Let's be honest: Soft drinks aren't good for you, and extra-large-sized ones are extra-bad. It shouldn't come as a surprise that drinking gigantic, sugary sodas is detrimental to our health. But Mayor Michael Bloomberg's proposed ban on sweet beverages over 16 oz. has left some city residents feeling bitter.
On Tuesday, according to Good Morning America, "Advocates on both sides of the issue faced off at a public hearing ... in Queens."
Supporters of the ban assert that it's an effective way to protect you and me from diabetes and other obesity-linked health issues. Some medical experts even liken the soda industry to cigarette companies. The Huffington Post reports that health professionals are "hailing Mayor Michael Bloomberg's proposal as a way to protect the public from a soft-drink industry they said pushes carbonated calories on children and employs the same well-financed lobbying tactics as Big Tobacco."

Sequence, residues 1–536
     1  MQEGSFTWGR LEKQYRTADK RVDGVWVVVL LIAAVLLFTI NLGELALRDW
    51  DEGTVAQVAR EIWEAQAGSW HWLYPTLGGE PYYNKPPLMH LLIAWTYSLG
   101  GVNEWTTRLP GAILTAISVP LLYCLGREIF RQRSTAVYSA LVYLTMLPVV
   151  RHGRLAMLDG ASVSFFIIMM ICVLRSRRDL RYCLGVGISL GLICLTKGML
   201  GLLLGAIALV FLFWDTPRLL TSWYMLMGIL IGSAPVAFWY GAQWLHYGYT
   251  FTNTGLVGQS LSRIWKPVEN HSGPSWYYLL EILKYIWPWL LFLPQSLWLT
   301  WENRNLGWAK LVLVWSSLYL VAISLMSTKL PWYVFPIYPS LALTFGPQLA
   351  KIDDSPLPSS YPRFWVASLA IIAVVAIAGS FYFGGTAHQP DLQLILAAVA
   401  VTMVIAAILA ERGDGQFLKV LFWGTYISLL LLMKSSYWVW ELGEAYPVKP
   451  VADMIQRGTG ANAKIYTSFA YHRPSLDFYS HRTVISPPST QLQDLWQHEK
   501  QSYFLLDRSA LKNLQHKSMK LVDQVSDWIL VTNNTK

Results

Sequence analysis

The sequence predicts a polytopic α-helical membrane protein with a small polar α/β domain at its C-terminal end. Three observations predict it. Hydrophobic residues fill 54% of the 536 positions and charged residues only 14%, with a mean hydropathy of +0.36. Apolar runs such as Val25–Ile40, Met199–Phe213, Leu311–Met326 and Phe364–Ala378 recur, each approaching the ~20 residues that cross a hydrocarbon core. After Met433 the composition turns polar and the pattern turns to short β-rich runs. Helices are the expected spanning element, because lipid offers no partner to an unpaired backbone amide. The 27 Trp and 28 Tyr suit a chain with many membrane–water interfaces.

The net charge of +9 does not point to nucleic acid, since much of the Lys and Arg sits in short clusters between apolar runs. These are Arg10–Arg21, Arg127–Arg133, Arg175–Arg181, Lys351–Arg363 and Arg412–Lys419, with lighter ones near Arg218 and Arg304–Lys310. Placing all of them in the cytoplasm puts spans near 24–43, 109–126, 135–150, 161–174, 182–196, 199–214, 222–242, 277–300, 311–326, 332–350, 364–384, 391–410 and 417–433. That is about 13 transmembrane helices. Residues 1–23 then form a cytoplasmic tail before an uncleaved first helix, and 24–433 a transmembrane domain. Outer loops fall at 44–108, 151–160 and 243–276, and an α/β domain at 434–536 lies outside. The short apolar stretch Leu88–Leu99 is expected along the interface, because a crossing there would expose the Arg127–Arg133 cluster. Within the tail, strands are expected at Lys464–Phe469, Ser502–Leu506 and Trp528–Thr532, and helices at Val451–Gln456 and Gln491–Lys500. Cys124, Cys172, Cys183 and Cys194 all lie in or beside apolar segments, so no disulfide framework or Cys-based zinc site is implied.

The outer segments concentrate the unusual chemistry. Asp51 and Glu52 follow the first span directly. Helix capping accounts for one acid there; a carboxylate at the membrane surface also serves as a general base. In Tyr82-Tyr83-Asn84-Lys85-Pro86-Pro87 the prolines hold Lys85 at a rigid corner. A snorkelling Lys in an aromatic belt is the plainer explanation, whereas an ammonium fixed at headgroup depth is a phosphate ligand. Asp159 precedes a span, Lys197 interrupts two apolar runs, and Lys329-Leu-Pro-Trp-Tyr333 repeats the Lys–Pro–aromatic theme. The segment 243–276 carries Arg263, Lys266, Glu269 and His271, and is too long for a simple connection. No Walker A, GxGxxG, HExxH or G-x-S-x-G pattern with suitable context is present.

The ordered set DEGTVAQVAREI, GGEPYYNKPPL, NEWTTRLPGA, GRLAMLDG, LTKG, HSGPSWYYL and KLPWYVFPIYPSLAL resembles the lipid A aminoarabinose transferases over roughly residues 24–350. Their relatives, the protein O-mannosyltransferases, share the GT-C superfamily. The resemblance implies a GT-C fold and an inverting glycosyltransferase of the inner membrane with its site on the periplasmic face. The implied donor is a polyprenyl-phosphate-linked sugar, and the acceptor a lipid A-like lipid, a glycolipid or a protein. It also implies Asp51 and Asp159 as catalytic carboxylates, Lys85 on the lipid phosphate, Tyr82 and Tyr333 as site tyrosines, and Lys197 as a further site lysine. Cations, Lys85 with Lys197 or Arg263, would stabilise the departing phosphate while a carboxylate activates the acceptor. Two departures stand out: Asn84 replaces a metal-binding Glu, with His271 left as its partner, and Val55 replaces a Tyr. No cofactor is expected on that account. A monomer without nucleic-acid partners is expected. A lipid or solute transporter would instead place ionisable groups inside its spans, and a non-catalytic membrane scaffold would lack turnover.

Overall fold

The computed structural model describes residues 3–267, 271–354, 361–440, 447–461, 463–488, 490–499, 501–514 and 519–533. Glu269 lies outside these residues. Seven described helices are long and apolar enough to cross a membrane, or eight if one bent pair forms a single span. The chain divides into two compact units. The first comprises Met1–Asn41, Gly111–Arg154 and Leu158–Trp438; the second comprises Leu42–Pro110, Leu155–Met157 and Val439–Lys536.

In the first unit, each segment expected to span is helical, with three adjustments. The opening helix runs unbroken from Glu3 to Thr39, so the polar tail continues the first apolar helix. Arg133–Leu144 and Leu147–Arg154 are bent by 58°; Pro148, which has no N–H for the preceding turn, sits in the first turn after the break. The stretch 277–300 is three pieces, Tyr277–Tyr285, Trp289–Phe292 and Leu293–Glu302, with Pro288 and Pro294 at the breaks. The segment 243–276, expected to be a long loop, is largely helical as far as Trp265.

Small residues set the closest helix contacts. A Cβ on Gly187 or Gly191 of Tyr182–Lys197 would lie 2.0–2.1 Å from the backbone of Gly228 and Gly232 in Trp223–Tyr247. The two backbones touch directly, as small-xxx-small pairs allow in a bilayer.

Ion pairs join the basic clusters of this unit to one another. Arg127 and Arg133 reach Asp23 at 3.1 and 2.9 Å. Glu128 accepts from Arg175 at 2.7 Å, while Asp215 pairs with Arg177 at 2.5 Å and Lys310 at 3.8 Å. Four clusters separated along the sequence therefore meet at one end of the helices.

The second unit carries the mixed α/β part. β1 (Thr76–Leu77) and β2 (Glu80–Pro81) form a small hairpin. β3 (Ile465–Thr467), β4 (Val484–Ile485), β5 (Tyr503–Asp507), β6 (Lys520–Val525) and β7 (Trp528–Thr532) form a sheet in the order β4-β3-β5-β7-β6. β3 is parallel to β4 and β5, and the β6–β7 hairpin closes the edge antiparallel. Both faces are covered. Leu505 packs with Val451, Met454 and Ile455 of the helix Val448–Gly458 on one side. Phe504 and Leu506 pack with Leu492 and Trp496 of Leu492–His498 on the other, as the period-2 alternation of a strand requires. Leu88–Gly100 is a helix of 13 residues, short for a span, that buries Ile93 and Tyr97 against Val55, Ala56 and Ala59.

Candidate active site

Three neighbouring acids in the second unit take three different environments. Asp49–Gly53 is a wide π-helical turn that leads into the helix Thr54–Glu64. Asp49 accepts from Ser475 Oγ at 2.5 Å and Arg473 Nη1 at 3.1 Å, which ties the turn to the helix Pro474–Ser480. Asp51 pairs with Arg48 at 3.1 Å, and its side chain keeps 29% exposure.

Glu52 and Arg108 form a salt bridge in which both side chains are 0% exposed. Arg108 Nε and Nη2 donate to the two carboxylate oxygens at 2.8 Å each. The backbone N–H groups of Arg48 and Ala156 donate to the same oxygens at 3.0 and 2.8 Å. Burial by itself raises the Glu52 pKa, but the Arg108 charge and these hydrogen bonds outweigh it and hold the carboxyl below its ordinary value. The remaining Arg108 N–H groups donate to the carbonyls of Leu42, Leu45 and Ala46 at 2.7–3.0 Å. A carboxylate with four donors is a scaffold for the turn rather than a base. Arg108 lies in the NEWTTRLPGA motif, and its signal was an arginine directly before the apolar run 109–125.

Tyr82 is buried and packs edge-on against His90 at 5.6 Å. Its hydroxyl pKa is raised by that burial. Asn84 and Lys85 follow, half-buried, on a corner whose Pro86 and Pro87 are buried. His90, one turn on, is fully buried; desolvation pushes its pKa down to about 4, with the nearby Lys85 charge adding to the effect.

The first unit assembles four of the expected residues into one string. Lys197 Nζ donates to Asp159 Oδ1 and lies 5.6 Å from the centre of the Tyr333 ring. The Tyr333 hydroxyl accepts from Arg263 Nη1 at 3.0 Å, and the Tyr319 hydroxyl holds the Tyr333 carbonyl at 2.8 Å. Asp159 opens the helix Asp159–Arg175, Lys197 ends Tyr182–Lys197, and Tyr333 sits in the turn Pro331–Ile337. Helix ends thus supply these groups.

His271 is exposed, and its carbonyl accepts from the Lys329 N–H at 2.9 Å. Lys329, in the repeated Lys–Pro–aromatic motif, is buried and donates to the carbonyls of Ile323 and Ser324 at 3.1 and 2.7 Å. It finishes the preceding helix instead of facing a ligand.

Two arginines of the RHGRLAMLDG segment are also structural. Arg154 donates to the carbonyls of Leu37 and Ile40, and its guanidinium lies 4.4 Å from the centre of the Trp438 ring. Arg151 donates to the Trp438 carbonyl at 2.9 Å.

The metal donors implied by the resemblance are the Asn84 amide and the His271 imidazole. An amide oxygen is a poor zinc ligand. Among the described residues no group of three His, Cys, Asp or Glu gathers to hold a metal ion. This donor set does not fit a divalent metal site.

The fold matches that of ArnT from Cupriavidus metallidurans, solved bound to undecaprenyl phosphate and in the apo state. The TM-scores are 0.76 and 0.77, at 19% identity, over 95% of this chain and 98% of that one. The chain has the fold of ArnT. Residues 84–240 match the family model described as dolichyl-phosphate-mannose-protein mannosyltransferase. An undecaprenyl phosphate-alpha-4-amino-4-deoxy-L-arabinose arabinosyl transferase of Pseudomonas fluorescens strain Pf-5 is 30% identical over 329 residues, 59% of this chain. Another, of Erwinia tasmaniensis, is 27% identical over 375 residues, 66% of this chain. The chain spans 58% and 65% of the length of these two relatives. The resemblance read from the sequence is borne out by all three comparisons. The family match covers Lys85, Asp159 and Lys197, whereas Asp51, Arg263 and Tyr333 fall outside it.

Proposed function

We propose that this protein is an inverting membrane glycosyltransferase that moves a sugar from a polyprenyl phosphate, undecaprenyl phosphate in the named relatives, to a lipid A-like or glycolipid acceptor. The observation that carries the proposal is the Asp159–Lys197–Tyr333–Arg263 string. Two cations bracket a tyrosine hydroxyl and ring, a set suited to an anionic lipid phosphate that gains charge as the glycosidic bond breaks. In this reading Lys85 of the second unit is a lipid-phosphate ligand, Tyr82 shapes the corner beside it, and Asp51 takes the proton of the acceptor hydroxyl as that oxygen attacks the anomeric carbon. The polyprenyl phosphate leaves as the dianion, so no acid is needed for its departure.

But do people really need to be kept safe from super-sized sodas? Chris Gindlesperger, an American Beverage Association spokesperson, said they're not nearly as harmful as tobacco. "Cigarettes can kill you," he argued. "Soft drinks are a treat to be enjoyed in moderation – they can play a role in a healthy, balanced and active lifestyle." Furthermore, Councilman Oliver Koppel called the idea of portion size regulation an "infringement on the rights of New Yorkers."
The Board of Health will vote on the proposal on Sept. 13.
Do you think the government should tell citizens how much soda they're allowed to drink?